Taking the heat out of data centre storage

Dr Mike McCaig of Bull Information Systems describes how both storage technology and operational practices can be used to deliver significant power savings to a department’s data centreThe latest House of Commons Audit Committee report1 concluded that: “Increased use of IT would appear to be the biggest single factor in the upward trend in emissions from civil departments.”  
    
The report continued: “The energy consumption of IT equipment and the air conditioning systems needed to keep them from overheating are becoming one of the biggest challenges facing government efforts to become more sustainable.” This places a clear emphasis on data centres as a target for energy improvement if government sustainability targets are to be met and costs controlled.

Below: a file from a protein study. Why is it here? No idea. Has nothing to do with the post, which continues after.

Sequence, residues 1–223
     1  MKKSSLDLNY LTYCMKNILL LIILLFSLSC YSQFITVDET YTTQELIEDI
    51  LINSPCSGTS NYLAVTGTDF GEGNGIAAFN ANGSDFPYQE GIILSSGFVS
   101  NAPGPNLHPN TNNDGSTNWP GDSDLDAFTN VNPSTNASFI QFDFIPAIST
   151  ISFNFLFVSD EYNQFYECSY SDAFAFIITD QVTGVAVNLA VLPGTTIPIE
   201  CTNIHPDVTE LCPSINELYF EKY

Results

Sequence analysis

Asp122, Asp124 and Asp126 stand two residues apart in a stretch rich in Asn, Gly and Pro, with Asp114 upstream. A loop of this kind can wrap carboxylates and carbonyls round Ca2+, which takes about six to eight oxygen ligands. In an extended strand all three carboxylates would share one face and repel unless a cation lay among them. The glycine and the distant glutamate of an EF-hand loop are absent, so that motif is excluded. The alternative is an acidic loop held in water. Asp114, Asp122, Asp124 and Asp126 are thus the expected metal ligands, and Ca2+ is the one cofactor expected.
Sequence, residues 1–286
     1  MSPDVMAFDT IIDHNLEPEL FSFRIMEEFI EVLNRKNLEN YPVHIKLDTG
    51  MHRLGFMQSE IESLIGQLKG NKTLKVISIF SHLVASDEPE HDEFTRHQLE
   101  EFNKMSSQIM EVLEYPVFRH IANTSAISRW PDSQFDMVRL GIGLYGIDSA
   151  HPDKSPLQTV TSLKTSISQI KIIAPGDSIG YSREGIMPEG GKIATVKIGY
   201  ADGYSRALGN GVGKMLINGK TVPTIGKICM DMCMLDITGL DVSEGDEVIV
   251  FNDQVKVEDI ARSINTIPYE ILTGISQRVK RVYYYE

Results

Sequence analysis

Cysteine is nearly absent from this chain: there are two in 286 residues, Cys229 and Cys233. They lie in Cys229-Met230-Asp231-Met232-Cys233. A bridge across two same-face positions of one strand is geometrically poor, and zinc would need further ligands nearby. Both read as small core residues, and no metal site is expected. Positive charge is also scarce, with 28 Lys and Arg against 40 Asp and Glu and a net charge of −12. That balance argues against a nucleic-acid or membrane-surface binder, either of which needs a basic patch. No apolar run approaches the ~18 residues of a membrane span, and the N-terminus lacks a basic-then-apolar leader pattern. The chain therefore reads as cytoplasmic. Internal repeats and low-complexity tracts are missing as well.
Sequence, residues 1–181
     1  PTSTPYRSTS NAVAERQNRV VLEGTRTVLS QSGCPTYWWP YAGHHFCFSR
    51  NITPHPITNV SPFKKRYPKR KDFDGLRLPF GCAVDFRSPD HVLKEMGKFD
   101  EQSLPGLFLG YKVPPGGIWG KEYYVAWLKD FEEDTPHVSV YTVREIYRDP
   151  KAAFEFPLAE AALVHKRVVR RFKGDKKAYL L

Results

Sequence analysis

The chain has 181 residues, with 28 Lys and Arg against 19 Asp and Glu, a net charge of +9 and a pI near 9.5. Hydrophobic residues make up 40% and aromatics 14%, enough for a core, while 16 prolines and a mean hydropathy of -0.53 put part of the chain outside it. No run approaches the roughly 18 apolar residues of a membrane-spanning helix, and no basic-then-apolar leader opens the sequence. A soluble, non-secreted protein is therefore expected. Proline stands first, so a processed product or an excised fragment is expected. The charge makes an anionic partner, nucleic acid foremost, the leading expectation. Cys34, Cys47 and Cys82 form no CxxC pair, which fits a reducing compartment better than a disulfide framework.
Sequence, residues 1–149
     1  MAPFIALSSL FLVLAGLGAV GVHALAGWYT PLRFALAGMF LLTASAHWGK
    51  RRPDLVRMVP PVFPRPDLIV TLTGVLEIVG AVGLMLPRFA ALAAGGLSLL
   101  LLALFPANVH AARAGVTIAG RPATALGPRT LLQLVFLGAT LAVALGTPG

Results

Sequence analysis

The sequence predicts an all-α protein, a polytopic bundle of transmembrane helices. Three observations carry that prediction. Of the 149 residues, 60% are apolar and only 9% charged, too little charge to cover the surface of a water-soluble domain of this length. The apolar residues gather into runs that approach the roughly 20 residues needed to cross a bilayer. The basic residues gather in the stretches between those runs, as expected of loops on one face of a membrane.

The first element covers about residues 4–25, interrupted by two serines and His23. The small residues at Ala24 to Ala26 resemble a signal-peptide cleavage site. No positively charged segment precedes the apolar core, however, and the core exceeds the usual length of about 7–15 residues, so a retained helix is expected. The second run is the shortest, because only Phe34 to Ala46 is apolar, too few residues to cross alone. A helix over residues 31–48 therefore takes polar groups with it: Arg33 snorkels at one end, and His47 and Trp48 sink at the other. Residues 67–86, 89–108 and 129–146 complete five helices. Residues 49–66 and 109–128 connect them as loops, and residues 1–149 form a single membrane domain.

Today, in nearly all data centres, every 1kW of energy saved at the device saves the data centre 2.5-3kW at the electricity meter. It is therefore no surprise that across the public sector IT managers are investing heavily in server virtualisation projects. Virtualisation is the most popular and heavily promoted (by the IT industry) approach to reducing the number of IT devices in the data centre and cutting spiralling electricity costs.
    
Notwithstanding the impressive results published by software vendors, server virtualisation is not guaranteed to be the solution which contributes the most to reducing power consumption in a data centre. Power supply, cooling, and storage are three other areas where significant savings can be made.

Growing storage requirements
Growth in organisations’ demand for storage is without doubt contributing significantly to the energy problem that the public sector has to solve. Despite the reductions in cost per terabyte and kilowatts per terabyte being achieved as storage technology continues to advance, the electricity used by storage devices in global data centres is estimated to have increased at around c.20 per cent compound annual growth rate in the period 2000-2006.